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“And Though This World ...”

Psalm 129
Bob DeGray
August 11, 2002

Key Sentence

Since God is righteous, evil will not prevail.

Outline

I. The Oppression of Evil (Psalm 129:1-3)
II. The Righteousness of God (Psalm 129:4)
III. The Suppression of Evil (Psalm 129:5-8)


Message

        David Jackson has been teaching the youth group about spiritual warfare using illustrations from The Lord of the Rings. That fits, because the truths Tolkien captured in the novel reflect the experience of many who have battled evil without and within.

        Frodo the hobbit, as many of you know, finds himself trying to keep the enemy’s ring of power from the enemy, Sauron. The enemy, in turn, uses two major approaches to recover his ring. The external approach is the Black Riders. These nine were once kings of men, but became enslaved to rings of power and are now Sauron’s most powerful and terrible servants, carrying fear and despair like weapons. The internal means Sauron is using to find his ring is its temptation of the one who carries it to use it, which would expose it to Sauron’s sight. This is why Frodo has been warned to keep the ring safe and secret and never put it on.

        But that’s easier said than done. As Frodo is escaping from the Shire he has several encounters with the Black Riders. The most terrifying occurs on Weathertop, a hill to which Frodo and his companions have been taken by their guide, Strider.

        Frodo felt a cold dread creeping over his heart. He huddled closer to the fire. At that moment Sam came running back from the edge of the dell. ‘I don’t know what it is,’ he said, ‘but I suddenly felt afraid. I durstn’t go outside this dell for any money; I felt that something was creeping up the slope.’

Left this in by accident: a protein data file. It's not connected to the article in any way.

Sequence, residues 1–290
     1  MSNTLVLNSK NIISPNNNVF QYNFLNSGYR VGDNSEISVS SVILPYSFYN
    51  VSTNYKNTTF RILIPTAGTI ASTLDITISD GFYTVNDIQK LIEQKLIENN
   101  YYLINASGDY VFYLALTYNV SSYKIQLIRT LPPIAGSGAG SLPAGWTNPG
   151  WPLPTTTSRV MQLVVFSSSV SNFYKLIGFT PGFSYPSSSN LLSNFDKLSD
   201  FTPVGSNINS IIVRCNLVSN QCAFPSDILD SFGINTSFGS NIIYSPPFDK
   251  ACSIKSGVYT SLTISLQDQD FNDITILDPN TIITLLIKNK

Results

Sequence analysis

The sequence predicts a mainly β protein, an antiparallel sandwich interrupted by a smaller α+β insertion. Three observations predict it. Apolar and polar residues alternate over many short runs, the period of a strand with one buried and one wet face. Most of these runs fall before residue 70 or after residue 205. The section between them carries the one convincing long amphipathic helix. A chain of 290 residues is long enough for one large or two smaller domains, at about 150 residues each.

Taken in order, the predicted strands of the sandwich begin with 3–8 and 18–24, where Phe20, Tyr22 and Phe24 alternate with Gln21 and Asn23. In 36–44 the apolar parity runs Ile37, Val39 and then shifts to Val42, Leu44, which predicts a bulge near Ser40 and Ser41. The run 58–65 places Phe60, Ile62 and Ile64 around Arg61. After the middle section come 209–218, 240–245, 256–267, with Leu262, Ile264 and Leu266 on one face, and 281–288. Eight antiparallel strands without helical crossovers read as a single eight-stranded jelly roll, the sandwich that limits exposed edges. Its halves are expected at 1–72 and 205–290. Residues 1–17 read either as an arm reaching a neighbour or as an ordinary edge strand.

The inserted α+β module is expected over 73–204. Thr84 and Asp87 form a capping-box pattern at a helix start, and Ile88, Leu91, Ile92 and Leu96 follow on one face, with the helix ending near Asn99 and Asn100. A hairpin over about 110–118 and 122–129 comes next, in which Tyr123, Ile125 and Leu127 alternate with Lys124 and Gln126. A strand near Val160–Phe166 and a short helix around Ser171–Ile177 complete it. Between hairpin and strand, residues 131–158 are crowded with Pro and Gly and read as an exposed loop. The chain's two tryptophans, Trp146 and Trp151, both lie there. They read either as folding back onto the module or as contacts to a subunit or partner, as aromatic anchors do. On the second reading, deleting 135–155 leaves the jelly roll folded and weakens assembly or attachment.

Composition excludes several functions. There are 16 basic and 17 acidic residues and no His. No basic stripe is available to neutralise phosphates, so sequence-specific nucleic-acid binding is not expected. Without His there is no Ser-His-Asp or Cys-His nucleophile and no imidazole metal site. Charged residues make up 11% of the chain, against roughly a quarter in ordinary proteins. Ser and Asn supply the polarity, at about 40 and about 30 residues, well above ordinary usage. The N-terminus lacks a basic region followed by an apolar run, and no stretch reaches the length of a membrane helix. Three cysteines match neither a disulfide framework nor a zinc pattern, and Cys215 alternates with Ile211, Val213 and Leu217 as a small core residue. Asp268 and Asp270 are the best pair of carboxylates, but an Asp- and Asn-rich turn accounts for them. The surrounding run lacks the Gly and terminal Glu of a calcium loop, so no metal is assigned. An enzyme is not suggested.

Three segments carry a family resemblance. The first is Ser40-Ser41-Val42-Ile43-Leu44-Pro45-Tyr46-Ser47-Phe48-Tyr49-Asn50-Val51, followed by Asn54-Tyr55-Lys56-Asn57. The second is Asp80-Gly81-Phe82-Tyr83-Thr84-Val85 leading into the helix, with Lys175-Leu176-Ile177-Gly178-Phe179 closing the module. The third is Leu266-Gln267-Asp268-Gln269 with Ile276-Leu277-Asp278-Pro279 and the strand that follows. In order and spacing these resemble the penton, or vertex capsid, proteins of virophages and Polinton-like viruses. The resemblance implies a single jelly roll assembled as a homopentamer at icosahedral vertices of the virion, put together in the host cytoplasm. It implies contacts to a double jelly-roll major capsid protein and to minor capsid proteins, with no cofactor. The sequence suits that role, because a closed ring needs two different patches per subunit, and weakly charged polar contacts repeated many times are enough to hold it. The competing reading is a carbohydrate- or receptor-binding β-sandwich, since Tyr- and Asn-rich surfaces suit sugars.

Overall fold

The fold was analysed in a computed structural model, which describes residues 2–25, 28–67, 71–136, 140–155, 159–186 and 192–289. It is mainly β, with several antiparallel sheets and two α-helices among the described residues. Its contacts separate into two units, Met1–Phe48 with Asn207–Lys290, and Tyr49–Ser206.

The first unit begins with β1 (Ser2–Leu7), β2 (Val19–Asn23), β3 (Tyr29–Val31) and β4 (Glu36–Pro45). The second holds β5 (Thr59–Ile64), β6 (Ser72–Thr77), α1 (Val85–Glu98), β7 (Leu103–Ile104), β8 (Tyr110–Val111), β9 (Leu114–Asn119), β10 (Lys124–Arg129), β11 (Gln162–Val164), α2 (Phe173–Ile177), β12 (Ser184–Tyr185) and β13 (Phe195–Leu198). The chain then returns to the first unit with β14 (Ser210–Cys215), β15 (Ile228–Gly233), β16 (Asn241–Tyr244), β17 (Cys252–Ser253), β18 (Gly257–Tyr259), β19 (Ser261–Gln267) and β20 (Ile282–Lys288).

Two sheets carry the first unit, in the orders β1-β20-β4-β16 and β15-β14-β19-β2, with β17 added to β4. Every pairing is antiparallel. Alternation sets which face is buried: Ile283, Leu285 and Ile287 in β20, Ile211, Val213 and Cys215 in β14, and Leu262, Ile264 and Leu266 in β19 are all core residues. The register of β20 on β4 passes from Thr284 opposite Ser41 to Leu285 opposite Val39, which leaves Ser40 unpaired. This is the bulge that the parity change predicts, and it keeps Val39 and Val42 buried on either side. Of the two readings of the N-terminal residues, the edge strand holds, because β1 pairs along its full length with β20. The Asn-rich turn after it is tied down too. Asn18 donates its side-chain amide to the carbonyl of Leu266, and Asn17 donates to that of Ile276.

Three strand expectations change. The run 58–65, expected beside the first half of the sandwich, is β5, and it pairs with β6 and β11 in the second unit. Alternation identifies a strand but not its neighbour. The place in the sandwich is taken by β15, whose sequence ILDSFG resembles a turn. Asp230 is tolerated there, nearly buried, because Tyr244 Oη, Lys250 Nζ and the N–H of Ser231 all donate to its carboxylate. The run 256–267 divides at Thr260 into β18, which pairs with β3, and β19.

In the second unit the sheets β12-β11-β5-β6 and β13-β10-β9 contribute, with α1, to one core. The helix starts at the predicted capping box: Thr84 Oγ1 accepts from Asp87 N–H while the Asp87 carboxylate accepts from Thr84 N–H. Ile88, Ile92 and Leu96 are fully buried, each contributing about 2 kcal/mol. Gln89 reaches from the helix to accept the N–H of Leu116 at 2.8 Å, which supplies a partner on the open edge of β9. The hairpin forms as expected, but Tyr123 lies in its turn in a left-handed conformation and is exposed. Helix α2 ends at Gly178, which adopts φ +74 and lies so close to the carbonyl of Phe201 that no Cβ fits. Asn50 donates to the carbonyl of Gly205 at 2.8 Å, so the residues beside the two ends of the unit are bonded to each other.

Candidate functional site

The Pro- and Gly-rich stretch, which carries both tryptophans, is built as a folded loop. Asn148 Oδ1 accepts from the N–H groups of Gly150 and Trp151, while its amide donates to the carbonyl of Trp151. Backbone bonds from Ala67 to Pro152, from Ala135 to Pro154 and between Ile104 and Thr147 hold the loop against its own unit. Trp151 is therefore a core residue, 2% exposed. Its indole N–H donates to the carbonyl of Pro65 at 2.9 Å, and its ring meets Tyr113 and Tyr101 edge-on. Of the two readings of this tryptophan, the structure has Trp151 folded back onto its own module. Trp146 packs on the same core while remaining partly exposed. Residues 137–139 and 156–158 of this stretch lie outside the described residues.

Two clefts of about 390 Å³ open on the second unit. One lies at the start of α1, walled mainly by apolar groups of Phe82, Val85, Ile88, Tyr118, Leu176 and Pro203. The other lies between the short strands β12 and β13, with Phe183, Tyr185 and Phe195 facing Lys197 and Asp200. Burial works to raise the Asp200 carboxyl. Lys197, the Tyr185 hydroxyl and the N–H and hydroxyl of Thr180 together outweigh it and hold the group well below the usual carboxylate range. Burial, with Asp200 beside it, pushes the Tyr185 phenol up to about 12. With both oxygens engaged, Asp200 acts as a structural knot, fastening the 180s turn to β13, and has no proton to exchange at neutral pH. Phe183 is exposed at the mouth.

‘Did you see anything?’ asked Frodo, springing to his feet.

        ‘No, sir. I saw nothing, but I didn’t stop to look.’

        ‘Keep close to the fire, with your faces outward!’ cried Strider. ‘Get some of the longer sticks ready in your hands!’ For a breathless time they sat there, silent and alert, with thier backs turned to the wood-fire, each gazing into the shadows that encircled them. Nothing happened. There was no sound or movement. Frodo stirred, feeling he must break the silence; he longed to shout out loud. ‘Hush!’ whispered Strider.

        Over the lip of the little dell they felt, rather than saw, a shadow rise, or more than one. They strained their eyes, and the shadows seemed to grow. Soon there could be no doubt; three or four tall black figures were standing on the slope, looking down on them. So black were they that they seemed like black holes in the deep shade behind them. Frodo thought he heard a faint hiss as of venoumous breath, and felt a thin piercing chill. Then the shapes slowly advanced. Terror overcame Pippen and Merry, and they threw themselves flat on the ground. Sam shrank to Frodo’s side.

        Frodo was hardly less terrified than his companions, but his terror was swallowed up in a sudden hideous temptation to put on the Ring. The desire to do this laid hold of him, and he could think of nothing else. He did not forget Gandalf’s message, but something seemed to compel him to disregard all warnings, and he longed to yield. Not with the hope of escape, or of doing anything, either good or bad: he simply felt that he must take the Ring and put it on his finger. He could not speak. He shut his eyes and struggled a while; but resistance became unbearable, and at last he slowly drew out the chain, and slipped the Ring on the forefinger of his left hand.